Articles

Archive for Science and Medicine

Getting It On with Homeopathy

I have more thoughts on the homeopathy matter than fit in follow-up notes, so here goes.

First, David Gorski recalls the 1994 Pediatrics report on childhood diarrhea treated with tailored homeopathic remedies for each patient. There is more to the story than has been written. I am certain much of this will get back to the authors, but others may benefit from knowing how this group of homeopaths operate.

I recall the paper well, because it was the first journal report that I deconstructed and published (Pediatrics, Oct 1995) as a regular article. I think it was the first time the journal had published a formal rebuttal outside the Letters section. The head of pediatric pharmacy at Valley Medical Center, San Jose, brought the paper to me and asked what I thought if it. Bill London of National Council against Health Fraud and I spent six months discussing it and working over the details.

The paper had so many flaws, that one letter could not contain them. It had five or six end points, several arithmetical errors, graphs with missing data, only one end point reached consensus signficance (barely.)

Each case received a remedy tailored to the age, condition, duration of symptoms, appearance and odor of the stool, the recall of the parent or relative about stool frequency (which depended on how often the child’s diapers were changed, and a number of other qualities, typical of a homeopathic approach to diagnosis. The remedies given were not based on etiology, but based on personal observations, We saw that the remedy was chosen at a snapshot in time, depending on all those factors which varied from hour to hour. So the remedies depended on the time at which the child was brought in for examination and were unchanged throughout the duration of illness. That made no sense at all. Besides, the specific remedies had no data behind them for proof of efficacy, and were chosen on basis of charts and computer references.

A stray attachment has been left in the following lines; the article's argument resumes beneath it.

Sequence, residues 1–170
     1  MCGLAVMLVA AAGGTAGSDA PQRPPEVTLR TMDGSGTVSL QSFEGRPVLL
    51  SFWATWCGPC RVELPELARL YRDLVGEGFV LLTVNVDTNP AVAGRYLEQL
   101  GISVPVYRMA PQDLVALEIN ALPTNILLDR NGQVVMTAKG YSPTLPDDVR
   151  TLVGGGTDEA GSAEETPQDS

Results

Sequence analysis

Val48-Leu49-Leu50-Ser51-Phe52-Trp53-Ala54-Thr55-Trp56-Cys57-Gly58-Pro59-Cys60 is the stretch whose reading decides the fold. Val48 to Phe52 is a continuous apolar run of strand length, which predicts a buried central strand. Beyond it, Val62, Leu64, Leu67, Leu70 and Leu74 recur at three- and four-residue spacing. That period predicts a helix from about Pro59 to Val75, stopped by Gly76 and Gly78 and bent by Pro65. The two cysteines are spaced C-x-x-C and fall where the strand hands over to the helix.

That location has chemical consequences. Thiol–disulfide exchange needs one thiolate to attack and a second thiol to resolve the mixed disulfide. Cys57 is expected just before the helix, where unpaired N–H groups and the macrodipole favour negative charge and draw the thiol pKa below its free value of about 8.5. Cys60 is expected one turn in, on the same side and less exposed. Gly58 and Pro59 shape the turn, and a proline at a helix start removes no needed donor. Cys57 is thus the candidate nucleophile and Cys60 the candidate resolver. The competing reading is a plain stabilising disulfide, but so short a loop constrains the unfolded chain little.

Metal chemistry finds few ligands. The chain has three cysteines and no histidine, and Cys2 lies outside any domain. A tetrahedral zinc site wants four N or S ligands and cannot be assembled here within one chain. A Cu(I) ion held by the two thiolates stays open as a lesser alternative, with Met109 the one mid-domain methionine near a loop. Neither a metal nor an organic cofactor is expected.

One could hardly find anything about the paper that would lend credibility to its conclusion that suggested homeopathy “worked“ better than placebo. The results in our opinion demonstrated nothing more than the variations in the clinical trial system (noise.)
(more…)

Posted in: Clinical Trials, Homeopathy, Science and Medicine

Leave a Comment (1) →

Disintegrating Integrative Medicine: Lessons From Baking

Suppose I were to bake you a cake and my ingredient list included the following:

  • Eggs
  • Milk
  • Butter
  • Sand
  • Flour
  • Baking Powder
  • Vanilla
  • Melamine
  • Sugar
  • Chocolate icing

What is the problem with the ingredient list? It has integrated inedible and poisonous items into the very fine basic ingredients that make a good cake. This is the exact same problem that the medical profession faces with the “integrative medicine” movement. Insofar as it espouses and promotes well-vetted, healthy ingredients, it is a boon to patients. But when inordinate emphasis is placed on placebos (“sand”) or when dangerous practices (“melamine”) are inserted into the prescription for our patients’ “health and wellness,” that attractive-appearing cake becomes a recipe for disaster.

(more…)

Posted in: Science and Medicine

Leave a Comment (23) →

A natural product of his environment

I’m delighted to have the opportunity to join this outstanding group of medical professional bloggers in adding my natural products angle to the application of science-based medicine.  With the exception of Dr. Gorski, who holds MD and PhD degrees, I believe I am the first “only a PhD” to be invited to SBM.  However, I have spent much of my career training, and training with, physician-scientists; so enthusiastic am I about the special qualities of the physician-scientist that I married one (or, rather, she chose to marry me, truth be told.).  Conversely, I view the invitation to write here as a responsibility in representing what my fellow basic scientists bring to bear on discussions of the scientific arguments for and against modalities classified broadly as complementary and alternative medicine or integrative medicine.